When I first entered the newly installed Cleopatra: The Exhibition at the California Science Center, I instantly lost my bearings. The dramatically darkened space, high lit with stone figurines, provides a stark contrast to the brightly lit atrium of the Science Center’s ultra modern building, which seems to always be full of chirping school children. I was transported back through time.
Cleopatra’s story is told via the headsets (which are free, so there’s no excuse not to listen) and a short film that orients visitors historically to Cleopatra’s era. But the heart of this exhibit belongs to Franck Goddio, a deep sea archeologist who has dedicated his career to the excavation of the underwater terrain off of the Nile’s Delta where he has found ample evidence of several lost cities. The exhibit, co-produced by National Geographic, gives equal exposure to Dr. Zahi Hawass, whose fruitless search in the desert for the tombs of Cleopatra and Marc Antony pales in comparison with the abundant relics found by divers under the Mediterranean. Click here for audio slide shows about these two searches.
Despite admiring these two wondrously tall statues of a royal couple recovered from the ocean floor, I was mesmerized by the cityscapes imagined by Goddio and his team: the harbor of Alexandria, the religious and recreational sites of Canopus and attending encampments along the Nile, and the impressive temples at Heracleion. Surely, this was a time to be living in the most sophisticated city in the world.
Last fall, I devoured Stacy Schiff’s Cleopatra: A Life, relishing her descriptions of life in Alexandria and her astonishingly intimate descriptions of Cleopatra’s political acumen and passionate intelligence. I highly recommend this biography! Cleopatra may or may not have been a true beauty, but her ability to fascinate the most important men in the world — Julius Caesar, Marc Antony — as well as generations of historians, painters, writers and fans proves her to be history’s most enigmatic woman. Or, as Harold Bloom called her, history’s ‘first celebrity’. No matter how you examine her – as the key to unlocking the mysteries of Alexandria or as the lover of the most powerful men in the Greco-Roman world – she still holds us all in her historical gaze.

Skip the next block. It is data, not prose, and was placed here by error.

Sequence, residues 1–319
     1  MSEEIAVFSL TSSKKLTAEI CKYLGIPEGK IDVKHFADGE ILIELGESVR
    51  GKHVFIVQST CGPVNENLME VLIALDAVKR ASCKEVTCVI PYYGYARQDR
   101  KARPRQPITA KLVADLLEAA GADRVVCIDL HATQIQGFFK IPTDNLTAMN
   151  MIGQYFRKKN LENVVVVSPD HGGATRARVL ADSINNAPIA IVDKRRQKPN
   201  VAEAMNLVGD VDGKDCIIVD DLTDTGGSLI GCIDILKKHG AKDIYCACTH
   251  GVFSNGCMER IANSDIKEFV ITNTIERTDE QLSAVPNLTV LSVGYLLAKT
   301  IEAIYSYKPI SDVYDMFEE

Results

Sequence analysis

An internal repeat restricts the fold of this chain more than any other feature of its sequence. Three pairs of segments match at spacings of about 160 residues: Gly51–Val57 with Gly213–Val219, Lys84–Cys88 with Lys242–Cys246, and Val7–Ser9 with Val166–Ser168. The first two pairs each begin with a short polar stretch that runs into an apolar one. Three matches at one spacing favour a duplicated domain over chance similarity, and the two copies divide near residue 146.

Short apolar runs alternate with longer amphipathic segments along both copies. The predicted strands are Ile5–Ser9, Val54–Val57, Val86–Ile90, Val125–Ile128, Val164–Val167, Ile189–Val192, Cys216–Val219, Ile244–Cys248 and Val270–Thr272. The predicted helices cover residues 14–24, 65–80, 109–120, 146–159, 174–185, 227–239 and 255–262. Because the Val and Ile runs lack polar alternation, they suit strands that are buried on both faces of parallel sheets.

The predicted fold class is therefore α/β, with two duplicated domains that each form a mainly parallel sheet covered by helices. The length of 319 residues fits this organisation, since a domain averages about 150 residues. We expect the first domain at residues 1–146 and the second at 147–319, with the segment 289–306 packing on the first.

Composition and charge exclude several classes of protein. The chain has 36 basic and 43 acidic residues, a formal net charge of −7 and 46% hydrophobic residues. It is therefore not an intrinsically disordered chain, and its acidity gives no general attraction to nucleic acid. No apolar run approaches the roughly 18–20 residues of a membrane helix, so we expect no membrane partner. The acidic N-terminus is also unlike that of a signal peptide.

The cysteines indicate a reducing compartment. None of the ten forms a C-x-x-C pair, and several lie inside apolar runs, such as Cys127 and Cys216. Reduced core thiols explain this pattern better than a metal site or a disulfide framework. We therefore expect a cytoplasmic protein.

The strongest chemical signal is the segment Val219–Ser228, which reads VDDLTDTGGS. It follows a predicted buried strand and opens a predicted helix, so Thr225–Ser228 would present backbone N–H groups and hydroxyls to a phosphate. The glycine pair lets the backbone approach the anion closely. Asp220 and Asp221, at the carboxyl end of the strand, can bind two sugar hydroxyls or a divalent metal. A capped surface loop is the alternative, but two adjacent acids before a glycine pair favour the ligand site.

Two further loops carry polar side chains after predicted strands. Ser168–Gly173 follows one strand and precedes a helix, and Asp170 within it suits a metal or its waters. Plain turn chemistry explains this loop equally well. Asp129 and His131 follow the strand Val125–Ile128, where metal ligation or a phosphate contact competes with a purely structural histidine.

Cleopatra’s final resting place has yet to be discovered – click here for an informative article about one woman’s quest to find Cleopatra’s tomb, which includes this sage commentary: ‘maybe finding her tomb would diminish what Shakespeare called “her infinite variety.” Disembodied, at large in the realm of myth, more context than text, Cleopatra is free to be of different character to different times, which may be the very wellspring of her vitality. No other figure from antiquity seems so versatile in her ambiguities, so modern in her contradictions’. (Chip Brown for National Geographic)
The exhibit is at The California Science Center until the end of the year, but why not pick up Schiff’s biography and enjoy it before taking a gang of kids to the show this summer. Screening Elizabeth Taylor’s version of Cleopatra may tax your patience (though, I don’t want to stop you from trying). Kids will have a better time watching the accompanying IMAX show Mysteries of Egypt on the Science Center’s 7-story IMAX screen. (Psst – you can purchase a combo ticket to show and IMAX to save a little money.)